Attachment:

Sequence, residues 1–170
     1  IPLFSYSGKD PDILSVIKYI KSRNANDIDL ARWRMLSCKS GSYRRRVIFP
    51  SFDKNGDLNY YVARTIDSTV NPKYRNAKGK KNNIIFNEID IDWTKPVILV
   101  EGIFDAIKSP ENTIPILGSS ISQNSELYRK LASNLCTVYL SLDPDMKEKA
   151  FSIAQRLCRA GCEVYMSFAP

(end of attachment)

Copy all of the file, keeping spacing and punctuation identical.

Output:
Sequence, residues 1–170
     1  IPLFSYSGKD PDILSVIKYI KSRNANDIDL ARWRMLSCKS GSYRRRVIFP
    51  SFDKNGDLNY YVARTIDSTV NPKYRNAKGK KNNIIFNEID IDWTKPVILV
   101  EGIFDAIKSP ENTIPILGSS ISQNSELYRK LASNLCTVYL SLDPDMKEKA
   151  FSIAQRLCRA GCEVYMSFAP